Skip to content

Betty’s Week

By Betty Shearer

    Was about to begin the column when word reached us of the death of Jimmy McCay. He was one of the managers listed on the Junior High Blue Devils roster in last week’s edition. I think Jimmy was the third son from the top of the late Mary Helen and Dorsey McCay.         Bro. McCay was pastor of North Main Methodist Church during the late ‘50s and early ‘60s. All the McCay boys were good athletes and fine boys. Ed and I were often in the McCay home during our early married life and it was always a joy to visit. Sympathy is extended to the family. I’m sure we’ll have an obituary next week.

–––

  Watched some late night TV over the weekend and was amazed to learn that it was the 40th anniversary of Butch Cassidy and The Sun Dance Kid. I’ve enjoyed Paul Newman’s movies through the years, except for this one. I just can not get interested in it. However, it’s hard to believe it’s been around for 40 years.         I did catch a couple of great old westerns. One was John Wayne in Chism, which was celebrating its 50th anniversary. This one I’d missed through the years. Watching it Thursday night, I was falling asleep, even though it was a great film. Finally just gave up, turned the TV off and went to bed. Next day, when I stopped for lunch, I turned it back on and would you believe the movie picked up at almost the exact spot I’d left it the night before. Needless to say, housework was delayed for awhile.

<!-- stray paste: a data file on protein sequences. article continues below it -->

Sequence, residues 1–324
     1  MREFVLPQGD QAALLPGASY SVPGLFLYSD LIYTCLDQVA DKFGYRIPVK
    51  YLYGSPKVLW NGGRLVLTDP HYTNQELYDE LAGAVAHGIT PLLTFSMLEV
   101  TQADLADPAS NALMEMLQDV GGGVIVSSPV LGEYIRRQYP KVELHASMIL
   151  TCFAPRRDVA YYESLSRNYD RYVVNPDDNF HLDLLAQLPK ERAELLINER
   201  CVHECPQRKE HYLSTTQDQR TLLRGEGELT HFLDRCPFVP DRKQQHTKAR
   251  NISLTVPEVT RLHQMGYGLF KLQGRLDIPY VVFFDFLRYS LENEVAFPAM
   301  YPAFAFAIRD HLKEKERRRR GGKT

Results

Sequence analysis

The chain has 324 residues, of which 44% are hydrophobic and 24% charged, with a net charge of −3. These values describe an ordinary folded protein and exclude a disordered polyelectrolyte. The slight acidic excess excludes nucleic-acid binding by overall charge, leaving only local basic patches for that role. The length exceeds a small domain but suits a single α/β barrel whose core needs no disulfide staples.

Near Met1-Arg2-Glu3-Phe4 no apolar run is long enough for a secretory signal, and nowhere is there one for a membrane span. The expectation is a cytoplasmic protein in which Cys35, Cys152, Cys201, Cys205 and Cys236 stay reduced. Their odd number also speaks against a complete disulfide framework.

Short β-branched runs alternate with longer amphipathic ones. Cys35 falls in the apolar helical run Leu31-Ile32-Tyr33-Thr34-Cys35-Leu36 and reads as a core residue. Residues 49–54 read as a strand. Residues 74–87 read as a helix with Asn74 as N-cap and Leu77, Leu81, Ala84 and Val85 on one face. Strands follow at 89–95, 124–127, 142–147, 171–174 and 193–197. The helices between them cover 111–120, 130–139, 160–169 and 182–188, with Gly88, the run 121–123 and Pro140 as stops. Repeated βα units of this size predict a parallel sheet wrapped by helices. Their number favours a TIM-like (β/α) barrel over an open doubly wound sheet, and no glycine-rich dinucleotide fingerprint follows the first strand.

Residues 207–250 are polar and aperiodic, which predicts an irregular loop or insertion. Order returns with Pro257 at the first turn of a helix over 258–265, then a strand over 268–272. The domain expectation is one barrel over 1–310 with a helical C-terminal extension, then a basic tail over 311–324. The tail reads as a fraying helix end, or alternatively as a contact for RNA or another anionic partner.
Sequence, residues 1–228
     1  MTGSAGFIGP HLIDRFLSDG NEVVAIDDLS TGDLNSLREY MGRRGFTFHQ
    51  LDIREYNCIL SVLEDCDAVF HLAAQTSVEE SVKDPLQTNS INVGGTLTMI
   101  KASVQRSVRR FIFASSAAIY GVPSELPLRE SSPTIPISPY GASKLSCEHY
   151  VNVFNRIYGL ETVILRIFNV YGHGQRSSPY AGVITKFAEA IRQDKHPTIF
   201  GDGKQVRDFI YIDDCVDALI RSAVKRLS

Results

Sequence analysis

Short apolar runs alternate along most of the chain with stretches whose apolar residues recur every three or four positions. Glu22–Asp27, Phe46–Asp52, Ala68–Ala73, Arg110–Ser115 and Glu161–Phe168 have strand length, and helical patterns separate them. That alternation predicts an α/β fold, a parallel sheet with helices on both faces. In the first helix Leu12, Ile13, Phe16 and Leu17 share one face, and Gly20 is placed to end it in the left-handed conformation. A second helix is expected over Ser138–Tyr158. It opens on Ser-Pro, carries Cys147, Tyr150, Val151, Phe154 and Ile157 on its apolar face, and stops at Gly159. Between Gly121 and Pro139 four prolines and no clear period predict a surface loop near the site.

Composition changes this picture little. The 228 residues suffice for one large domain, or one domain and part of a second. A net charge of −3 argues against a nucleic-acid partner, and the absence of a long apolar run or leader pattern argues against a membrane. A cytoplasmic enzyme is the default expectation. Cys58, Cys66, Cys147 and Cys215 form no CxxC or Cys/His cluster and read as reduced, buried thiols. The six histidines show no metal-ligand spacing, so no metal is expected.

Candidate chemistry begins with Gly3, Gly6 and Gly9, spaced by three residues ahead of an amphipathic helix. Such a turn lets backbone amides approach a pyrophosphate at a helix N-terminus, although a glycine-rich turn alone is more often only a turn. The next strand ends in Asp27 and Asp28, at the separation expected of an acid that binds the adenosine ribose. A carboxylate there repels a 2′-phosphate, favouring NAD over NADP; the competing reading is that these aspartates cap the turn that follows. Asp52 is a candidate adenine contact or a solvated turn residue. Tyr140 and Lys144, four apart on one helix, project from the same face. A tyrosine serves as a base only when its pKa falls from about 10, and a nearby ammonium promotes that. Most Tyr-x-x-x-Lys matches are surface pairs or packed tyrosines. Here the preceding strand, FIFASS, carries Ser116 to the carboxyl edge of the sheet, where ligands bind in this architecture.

Jimmie came on Saturday and we took down VBS decorations in the sanctuary and down the halls. She also took the train, which belongs to Pope Baptist Church. Thought we’d have a heat stroke loading the thing—probably would have if Michael Redwine had not happened along to lend a hand.

  She had to hurry back to help with cooking for the big July birthday celebration in the Cole family. While baking, she also included a carmel cake for Rance, who was turning 66 on July 28. When he called her, as is his usual greeting, he says, “What are you doing?” She explained that she was baking birthday cakes and that she had cooked him one. He asked, “What kind?” Now his least favorite flavor is chocolate, so she answered, “It’s a big beautiful chocolate cake!”